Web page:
When David knows the woman fudged her suicide, he demonstrates unlimited contempt for her and going so far as to wish for her increased suffering. This impresses the crazy sociopath who also tests him by pretending to choke on the olive in her martini. When David does nothing to help her, no Heimlich maneuver, nothing, she is convinced he’s the right man with whom she will share her life of malignant narcissism.

Fast forward now to a somewhat soft-pornographic scene in which David has mounted the crazed she-wolf. Attempting to demonstrate no pleasure, he continues to perform what appears to be a monotonously biological act. Not satisfied yet with his credentials as heartless freak, the woman asks to see his face as he continues to perform coitus on her. She wants to detect if he shows any pleasure or emotion as he makes love to her in the missionary style. Once the act has mercifully ended, she walks to the bathroom and comes back to inform him that she has just killed his border collie – his brother! David can be seen trying to maintain his icy cold composure as he walks into the bathroom to see his brother slaughtered.

“Woof, woof”, barks David’s brother.


The vicious siren waits and catches him with tears in his eyes. She knows he’s a fake and decides to denounce him aloud to the hotel staff. Then, in one of the few moments of tangible humanity, the maid whom David begged for more carresses, shoots the damned harridan with a dart gun. Under the influence of the narcotic, she is dragged to the “Transformation Room” where she is ostensibly turned into a badger, mongoose, rabid dog or wolverine. This one act of kindness is notable for its scarcity – it sticks in your mind for that reason alone.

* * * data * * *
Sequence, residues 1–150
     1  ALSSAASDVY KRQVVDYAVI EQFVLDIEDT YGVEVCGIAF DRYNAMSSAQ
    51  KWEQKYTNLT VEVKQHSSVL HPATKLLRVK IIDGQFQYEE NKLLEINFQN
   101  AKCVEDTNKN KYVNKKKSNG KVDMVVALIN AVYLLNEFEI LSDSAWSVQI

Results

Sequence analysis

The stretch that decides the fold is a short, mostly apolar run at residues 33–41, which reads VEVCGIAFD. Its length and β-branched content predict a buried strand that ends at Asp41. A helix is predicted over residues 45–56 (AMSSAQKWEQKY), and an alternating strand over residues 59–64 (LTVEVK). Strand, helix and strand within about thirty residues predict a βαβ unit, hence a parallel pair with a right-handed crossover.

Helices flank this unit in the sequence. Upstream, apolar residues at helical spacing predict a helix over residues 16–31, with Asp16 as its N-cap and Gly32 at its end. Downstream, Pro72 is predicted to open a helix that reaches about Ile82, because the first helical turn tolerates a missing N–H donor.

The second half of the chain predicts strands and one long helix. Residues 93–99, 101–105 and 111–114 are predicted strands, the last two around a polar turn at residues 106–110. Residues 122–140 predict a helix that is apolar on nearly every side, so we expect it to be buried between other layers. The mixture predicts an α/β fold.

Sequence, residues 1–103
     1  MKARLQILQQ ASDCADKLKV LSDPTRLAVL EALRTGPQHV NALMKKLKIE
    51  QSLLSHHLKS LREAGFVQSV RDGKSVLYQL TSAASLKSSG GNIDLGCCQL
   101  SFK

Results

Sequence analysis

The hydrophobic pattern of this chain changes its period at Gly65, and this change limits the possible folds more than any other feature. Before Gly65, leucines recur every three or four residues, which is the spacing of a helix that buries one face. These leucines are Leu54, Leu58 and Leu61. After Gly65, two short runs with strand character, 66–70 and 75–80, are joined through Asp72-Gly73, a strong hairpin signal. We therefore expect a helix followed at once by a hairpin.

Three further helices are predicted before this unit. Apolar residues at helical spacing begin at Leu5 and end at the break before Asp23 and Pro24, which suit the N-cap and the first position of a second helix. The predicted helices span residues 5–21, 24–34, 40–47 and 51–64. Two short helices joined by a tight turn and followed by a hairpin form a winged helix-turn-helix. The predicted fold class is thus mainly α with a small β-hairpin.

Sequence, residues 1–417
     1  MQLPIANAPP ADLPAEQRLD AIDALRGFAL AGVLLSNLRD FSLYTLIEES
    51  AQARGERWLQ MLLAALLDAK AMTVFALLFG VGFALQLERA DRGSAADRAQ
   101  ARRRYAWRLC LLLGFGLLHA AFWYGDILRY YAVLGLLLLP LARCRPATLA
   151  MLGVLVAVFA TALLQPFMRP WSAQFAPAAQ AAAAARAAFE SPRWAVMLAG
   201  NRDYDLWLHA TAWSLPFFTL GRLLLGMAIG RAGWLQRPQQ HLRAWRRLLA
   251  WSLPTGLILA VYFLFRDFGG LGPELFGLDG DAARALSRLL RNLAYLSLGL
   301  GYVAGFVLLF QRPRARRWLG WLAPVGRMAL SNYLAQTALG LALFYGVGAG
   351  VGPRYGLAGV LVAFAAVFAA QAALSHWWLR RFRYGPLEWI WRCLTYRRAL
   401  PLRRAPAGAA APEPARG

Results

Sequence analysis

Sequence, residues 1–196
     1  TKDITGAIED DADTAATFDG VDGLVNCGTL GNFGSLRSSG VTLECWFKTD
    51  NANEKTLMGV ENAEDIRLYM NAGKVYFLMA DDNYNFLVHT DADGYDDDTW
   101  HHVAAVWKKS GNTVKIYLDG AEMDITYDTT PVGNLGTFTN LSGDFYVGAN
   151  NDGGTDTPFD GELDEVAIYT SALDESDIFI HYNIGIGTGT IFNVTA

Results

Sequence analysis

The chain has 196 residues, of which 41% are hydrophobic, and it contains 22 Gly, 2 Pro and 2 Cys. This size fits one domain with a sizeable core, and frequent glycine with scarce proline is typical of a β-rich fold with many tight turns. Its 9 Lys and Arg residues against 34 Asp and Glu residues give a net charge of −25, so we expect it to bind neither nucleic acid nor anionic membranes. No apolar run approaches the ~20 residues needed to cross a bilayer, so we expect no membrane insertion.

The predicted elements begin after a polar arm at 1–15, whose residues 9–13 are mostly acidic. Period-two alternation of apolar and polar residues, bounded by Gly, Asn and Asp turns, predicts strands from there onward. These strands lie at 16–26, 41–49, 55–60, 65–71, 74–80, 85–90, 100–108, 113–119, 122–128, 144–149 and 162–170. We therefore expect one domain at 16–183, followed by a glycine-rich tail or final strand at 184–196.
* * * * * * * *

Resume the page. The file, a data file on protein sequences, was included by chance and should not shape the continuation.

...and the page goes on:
With such goings-on, David knows the jig is up and that he is going to have to become a crustacean. He escapes into the forest. This movie has just reached its first half – if it were long enough – beyond its two hours – there would be an intermission. David is now among the opponents of “coupling”. They are the opponents of romance and relationships. They are led by a female no less cruel than the monster David and the maid just sent to Hell.

All throughout the movie, there is a narrator who eventually turns up as Rachel Weisz. She belongs to the insurgents who are fighting the system. Ms. Weisz, in this incarnation as the shortsighted rebel, is made up to appear less beautiful than she truly is. As he wanders in the forest as a loner, he comes upon a group of insurgents led by their leader, a young female played by Lea Seydoux, who has her mother and father in the city living together and whom she visits once in a while as she and her cohorts enter the city to take care of certain business.

David is shocked to come upon a campsite where a black man looks up at him with a gauze and bandage wrapped over his mouth. It’s called the “red kiss”. You see, this group of loners so resents coupling or romance that he had his lips sliced off. The red spot on the bandage stuck to his mouth resembles the Japanese flag. David is informed that the black man was caught kissing another and had to be punished.